What is Whiplash?
No matter how we try to play it safe, there are simply some things we can’t control and getting into a car accident is one of them. More than the trauma, car accidents can leave us with minor or major injuries and one of them is whiplash. Whiplash is a relatively common injury that occurs following a sudden acceleration-deceleration force, causing the head (and brain within the skull) to be moved violently forwards and backwards.
This sudden impact at the cervical spine may result in injuries to the bony structures (spine), the supporting ligaments and muscles, as well as the deleicate nerves and spinal cord.
Classifications of Whiplash
The degree of injury varies which is why a document entitled Quebec Task Force Guidelines For Whiplash Associated Disorders recommended a classification of the types of whiplash injuries.
Let’s imagine you’re the victim of a car accident and a practitioner is attending you. Once the practitioner is done examining, they will determine your Whiplash Associated Disorder (WAD) classification. Your WAD would depend on the pain or discomfort you might feel and how the attending practitioner evaluates your case.
- WAD O You don’t feel any pain or discomfort at all. No physical signs are seen by a practitioner.
- WAD I You only feel a bit of pain, perhaps somewhere around your neck. The practitioner doesn’t find any critical signs.
- WAD II You feel pain around your neck. The practitioner observes limited range of motion, swelling, or point tenderness in neck or shoulders.
- WADIII You feel a lot of pain around your neck. The practitioner observes neurological signs such as weakness, limited skin sensation, and decreased or absent reflexes.
- WAD IV Pain is evident around the neck area and the practitioner observes a fracture or dislocation, or injury to the spinal cord.
The higher the grade, generally, the more serious the injury is and the more attention you require. That being said, its always best to have your spine and brain function assessed following any whiplash injuries. Dizziness and Balance clinic in Sydney are perfectly suited in assessing your spinal and brain function, followed by individually tailored therapy if required.
Common Causes of Whiplash
The common causes of whiplash are any type of incident that causes the neck to jerk forward or backward. Such causes can be anywhere from something as simple as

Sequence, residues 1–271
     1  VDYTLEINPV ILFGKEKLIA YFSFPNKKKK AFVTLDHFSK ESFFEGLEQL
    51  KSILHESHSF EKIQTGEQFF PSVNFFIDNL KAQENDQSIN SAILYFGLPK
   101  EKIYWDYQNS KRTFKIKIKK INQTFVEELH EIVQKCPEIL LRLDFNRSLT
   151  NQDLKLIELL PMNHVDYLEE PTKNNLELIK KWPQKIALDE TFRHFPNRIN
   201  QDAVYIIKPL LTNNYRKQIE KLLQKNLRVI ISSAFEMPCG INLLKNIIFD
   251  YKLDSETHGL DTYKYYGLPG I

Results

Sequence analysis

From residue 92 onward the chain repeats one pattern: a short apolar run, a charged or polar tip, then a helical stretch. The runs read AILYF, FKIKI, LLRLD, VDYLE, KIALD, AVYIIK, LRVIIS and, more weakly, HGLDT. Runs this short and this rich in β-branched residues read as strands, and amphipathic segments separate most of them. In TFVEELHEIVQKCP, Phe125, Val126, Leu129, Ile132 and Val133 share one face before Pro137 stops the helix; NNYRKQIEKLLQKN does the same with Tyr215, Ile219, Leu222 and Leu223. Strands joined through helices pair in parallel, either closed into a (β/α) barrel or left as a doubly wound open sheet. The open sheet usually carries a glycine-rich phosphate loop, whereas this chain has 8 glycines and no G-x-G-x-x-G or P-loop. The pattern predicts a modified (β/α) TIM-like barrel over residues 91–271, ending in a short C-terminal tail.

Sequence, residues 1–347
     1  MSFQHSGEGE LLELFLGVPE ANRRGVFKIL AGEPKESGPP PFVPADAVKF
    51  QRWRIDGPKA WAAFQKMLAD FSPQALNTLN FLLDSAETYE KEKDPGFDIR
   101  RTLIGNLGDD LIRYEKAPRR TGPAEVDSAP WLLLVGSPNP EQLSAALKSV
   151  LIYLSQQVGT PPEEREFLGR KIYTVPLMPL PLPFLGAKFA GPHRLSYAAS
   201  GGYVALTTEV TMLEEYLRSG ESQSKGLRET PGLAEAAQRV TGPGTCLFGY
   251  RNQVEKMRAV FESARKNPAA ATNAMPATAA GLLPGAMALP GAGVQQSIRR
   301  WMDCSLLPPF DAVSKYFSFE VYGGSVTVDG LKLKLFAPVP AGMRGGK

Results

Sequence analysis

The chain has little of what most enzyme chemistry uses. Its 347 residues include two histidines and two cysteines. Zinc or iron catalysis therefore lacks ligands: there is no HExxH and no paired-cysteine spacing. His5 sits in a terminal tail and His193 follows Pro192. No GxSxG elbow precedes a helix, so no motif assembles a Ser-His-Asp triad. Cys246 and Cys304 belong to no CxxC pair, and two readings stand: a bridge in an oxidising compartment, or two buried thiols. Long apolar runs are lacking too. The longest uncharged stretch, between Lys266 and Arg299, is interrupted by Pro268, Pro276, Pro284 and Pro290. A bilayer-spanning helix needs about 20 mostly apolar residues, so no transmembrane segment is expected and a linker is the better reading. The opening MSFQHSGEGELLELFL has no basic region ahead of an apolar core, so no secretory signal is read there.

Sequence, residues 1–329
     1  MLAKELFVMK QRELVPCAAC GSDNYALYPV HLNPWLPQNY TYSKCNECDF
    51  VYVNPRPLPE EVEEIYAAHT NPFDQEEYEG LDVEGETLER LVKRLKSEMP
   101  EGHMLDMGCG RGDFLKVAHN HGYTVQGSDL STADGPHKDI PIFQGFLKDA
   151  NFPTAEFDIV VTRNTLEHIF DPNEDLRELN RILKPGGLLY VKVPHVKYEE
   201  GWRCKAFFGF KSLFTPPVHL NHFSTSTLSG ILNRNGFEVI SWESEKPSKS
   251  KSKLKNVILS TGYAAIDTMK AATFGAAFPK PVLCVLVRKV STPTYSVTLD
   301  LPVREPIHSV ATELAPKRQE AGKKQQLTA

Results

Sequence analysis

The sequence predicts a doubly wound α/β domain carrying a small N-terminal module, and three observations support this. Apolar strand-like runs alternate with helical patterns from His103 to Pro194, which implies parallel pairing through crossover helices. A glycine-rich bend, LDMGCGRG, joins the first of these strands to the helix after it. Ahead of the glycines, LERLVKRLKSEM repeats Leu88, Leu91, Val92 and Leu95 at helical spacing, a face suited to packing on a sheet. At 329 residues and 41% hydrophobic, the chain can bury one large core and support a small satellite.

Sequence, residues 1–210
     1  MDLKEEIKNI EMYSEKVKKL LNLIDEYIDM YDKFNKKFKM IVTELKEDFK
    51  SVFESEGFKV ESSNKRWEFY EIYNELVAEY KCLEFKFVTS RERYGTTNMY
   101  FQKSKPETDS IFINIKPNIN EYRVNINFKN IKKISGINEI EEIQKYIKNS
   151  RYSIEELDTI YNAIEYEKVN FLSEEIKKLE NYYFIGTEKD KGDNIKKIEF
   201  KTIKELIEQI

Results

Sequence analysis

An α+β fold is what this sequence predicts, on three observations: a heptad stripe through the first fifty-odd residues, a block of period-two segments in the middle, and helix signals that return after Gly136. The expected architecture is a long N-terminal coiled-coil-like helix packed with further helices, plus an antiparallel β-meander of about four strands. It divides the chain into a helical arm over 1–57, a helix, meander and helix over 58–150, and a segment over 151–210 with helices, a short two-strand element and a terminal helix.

- riding the roller coaster
- horse riding
- contact sports, like football, soccer, hockey and basketball
- car accident
Effects of Whiplash on the Brain
Whiplash is more than a simple neck injury. The speed of the car plus the sudden stop has the brain take a beating while the neck is forcefully snapped in various directions, causing dizziness and affecting balance. Mild traumatic brain injury or mTBI can occur when you get whiplash and if left undiagnosed can cause the following:
- Blurred vision
- Sleep disturbances
- Brain Fog
- Memory issues
Prevalence of Whiplash
Whiplash injuries are unfortunately quite common. In fact, whiplash caused by car accidents account for more than 65% of all bodily injury claims. The Spine Research Institute of San Diego collected the following whiplash statistics.
- More than 3 million Americans are injured by whiplash every year.
- About 10% of those injured become permanently disabled.
- “Minor” neck injuries account for up to 60% of all permanent impairment claims.
- Nearly half of all chronic neck pain in America is due to car accidents.
- Children are at 2/3 the risk of adults.
Whiplash and how it affects your life
Whiplash is more than a pain in the neck! It can causes problems within your brain that make you feel dizzy, nauseas, headache, fearful and anxious, brain fog, fatigue and even depression.
Don’t let a simple car bingle end up affecting your life. Consult a professional who has expereince and the rsults to get you feeling better, quickly . At Dizziness and Balance Clinic, their proven vestibular rehabilitation and brain-based therapy, will accurately assess, explain and treat your whiplash.
Call the Dizziness and Balance Clinic on 8073 3337, and see how they can offer you the right solution to your problem.
- Daenen, L., Nijs, J., Raadsen, B., Roussel, N., Cras, P., & Dankaerts, W. (2013). Cervical motor dysfunction and its predictive value for long-term recovery in patients with acute whiplash-associated disorders: A systematic review. J Rehabil Med Journal of Rehabilitation Medicine, 113-122.
- Overview of Quebec Task Force Clinical Classification of Whiplash Associated Disorders. (n.d.). Retrieved August 25, 2015.
- Statistics and Risk Factors. (1998). Retrieved August 25, 2015.